Opponents of an unbeaten youth football team in Ohio have refused to take the field against the team anymore, leading to the cancellation of the league’s championship game and stunning revelations of racism and physical abuse in a story posted Friday.
The Elyria (Ohio) Mini Pioneers finished their season 8-0 in the North Ridgeville Football League, but according to a report in the Elyria Chronicle-Telegram, the team of 10- and 11-year-olds will not participate in the league’s championship festivities this weekend because no one will play the team.
According to the story, the director of the league’s junior tackle division says coaches and parents of the other teams out of fear of injury for their players. The Elyria team, however, contends the issue has more to do about race.
Adding to the situation is an incident that is alleged to have occurred during an Elyria game on Oct. 29. There are allegations that North Ridgeville parents and coaches used racial slurs toward Elyria players, and that a North Ridgeville assistant coach ran onto the field and punched an 11-year-old player in the stomach.
North Ridgeville police Capt. Marti Garrow told the Chronicle-Telegram that a police report of the incident was not available for release and that the incident was still under investigation. He told the newspaper, “It kind of comes down to a ‘he said, she said’ situation that we are trying to sort out. It was a youth football game that obviously got out of hand with parents coming on the field and coaches getting involved.”
North Ridgeville junior tackle division director Chris Miscudo told the Chronicle-Telegram of the other teams’ refusal to play: “They just feel they are outmatched athletically and physically. (Elyria has) outplayed every other team based on how their teams are picked. Elyria is a premium travel team, and our teams are drafted in a blind draft. It has nothing to do with color or race or anything. Parents feel their kids are so physically outmatched they are going to get hurt.”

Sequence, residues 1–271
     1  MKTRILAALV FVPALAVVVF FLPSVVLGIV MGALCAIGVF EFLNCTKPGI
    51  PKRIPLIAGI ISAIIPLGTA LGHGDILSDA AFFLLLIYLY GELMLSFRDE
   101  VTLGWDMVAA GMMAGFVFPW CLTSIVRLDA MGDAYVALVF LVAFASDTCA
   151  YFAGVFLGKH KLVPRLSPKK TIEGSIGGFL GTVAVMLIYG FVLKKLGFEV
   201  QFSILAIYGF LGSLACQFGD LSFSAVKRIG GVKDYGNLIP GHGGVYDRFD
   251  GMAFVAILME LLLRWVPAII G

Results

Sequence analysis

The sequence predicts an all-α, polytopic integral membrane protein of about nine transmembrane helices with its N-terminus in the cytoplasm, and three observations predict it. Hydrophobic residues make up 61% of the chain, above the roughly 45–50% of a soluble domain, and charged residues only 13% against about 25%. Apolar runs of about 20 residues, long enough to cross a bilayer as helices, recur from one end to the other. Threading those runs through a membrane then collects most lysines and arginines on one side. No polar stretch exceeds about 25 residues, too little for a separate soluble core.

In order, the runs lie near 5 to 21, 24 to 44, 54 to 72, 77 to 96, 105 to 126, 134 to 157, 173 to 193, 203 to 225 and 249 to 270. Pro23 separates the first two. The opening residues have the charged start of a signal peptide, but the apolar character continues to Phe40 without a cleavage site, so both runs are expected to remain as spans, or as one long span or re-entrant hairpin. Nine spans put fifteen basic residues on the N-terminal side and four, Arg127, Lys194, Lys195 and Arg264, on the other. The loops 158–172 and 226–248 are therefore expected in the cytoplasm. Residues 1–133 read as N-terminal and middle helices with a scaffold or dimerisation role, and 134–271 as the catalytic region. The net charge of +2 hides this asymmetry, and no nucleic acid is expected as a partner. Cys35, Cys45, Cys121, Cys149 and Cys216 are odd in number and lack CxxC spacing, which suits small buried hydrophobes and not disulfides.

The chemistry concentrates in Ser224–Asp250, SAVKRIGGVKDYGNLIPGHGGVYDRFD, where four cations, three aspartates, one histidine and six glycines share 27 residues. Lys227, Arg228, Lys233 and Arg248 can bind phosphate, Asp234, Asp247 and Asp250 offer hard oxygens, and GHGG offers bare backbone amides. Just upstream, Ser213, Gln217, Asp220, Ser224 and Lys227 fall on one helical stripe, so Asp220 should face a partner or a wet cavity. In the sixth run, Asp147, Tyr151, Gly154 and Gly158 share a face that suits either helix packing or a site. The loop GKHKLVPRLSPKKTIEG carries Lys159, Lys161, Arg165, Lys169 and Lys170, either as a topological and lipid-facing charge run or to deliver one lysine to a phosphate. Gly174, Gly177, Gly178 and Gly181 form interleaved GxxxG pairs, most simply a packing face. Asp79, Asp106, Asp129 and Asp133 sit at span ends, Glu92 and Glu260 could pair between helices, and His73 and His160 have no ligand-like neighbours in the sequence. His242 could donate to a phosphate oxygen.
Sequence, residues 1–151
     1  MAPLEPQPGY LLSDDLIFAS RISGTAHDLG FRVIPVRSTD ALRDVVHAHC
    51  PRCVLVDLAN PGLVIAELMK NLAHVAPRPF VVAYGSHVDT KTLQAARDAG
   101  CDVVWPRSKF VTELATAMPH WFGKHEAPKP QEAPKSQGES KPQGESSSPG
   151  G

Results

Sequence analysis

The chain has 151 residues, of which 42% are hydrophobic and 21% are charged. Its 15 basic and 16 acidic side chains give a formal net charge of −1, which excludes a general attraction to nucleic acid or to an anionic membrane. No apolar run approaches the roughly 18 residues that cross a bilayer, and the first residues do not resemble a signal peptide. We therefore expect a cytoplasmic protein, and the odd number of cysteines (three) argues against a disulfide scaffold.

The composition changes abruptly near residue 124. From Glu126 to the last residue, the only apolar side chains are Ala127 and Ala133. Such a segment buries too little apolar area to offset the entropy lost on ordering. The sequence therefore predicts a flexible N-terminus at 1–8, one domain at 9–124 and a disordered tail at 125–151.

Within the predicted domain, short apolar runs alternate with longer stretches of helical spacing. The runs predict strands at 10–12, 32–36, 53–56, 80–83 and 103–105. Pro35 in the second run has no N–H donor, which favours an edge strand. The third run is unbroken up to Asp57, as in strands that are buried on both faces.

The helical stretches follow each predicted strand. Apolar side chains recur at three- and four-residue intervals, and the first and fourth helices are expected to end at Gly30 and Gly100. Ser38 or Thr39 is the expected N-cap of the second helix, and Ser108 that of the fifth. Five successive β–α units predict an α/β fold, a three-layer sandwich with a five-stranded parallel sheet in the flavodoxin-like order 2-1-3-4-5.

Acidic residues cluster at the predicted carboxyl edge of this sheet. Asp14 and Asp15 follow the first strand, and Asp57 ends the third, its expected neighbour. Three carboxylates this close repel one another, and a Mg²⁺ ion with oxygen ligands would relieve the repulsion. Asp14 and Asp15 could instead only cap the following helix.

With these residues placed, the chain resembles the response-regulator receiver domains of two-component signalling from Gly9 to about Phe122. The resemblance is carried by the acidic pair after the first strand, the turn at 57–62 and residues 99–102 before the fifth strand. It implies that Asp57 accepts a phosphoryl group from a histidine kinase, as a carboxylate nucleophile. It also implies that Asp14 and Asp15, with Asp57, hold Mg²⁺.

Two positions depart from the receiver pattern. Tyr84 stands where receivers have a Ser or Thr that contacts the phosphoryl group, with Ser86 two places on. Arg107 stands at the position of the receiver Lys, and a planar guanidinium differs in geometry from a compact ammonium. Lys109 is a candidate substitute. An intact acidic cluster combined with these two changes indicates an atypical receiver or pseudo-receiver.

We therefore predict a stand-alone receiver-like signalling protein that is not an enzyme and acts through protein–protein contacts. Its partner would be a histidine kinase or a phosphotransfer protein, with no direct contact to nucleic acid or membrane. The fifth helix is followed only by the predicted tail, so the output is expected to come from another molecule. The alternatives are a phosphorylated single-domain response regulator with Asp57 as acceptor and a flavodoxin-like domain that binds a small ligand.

But people from Elyria say it has to do with race, not fear for the children’s safety. John Dixon, program director for the Pioneers club, told the paper,
“I feel like they didn’t want us out here from the beginning, and it hit a boiling point on Saturday. I have parents working the first down markers and those are the ones catching the racial slurs and remarks going on. Parents have told me about this all season, but we have remained focused on the game.”
But focus — and all control — was lost at that game Saturday. The Chronicle-Telegram’s spoke with Eric Kara, the mother of the 11-year-old allegedly punched by a coach, and offered this account:
“We were winning like 20-0 when a play was called for my son to try and sack the quarterback, and he did just that,” Kara said.
When the play was over, Kara said the assistant coach came off the sideline, onto the field and approached the kids. He was screaming and irate.
The referee ejected the coach from the game and told him to leave the field, she said.
The very next play, Kara said, her son made another tackle and there was a pileup.
“This guy immediately ran from the parking lot, ran onto the field, picked my son up by the shoulder pads, drew him in closer, and punched him in the stomach,” she said.
She said her son arched over.
“He was in immediate pain, screaming and crying,” Kara said.
Kara said her son also began spitting up blood.
The North Ridgeville Fire Department was called, and the boy was taken to University Hospitals Elyria Medical Center, where he was treated for a blunt-force abdomen injury, Kara said.
Kara said she followed up with her pediatrician Tuesday and was told her son, a fifth-grader at Elyria Community School, had a bruised rib and abdominal tenderness.
Kara added that as her son was being loaded into the ambulance, “parents were driving by screaming at us, saying, ‘That’s what you get. That’s what you deserve. You played dirty.”
She also claimed that players on another team called the Elyria boys the N-word, “animals,” and “monkeys” during a game two weeks earlier, according to the newspaper.
While the paper spoke other adults who claimed the Elyria players were subjected to racial slurs during games. But Miscudo told the paper that the claims of racism were news to him.
“That seems odd to me,” he told the paper. “I know there are ignorant people in this world that will say some things, but obviously we don’t condone that kind of thing, and if we hear those things, it is addressed immediately. We are a football team in North Ridgeville and it’s 2016; there are all kinds of races of kids that play on our teams. It is disappointing to me to see people making it about race.”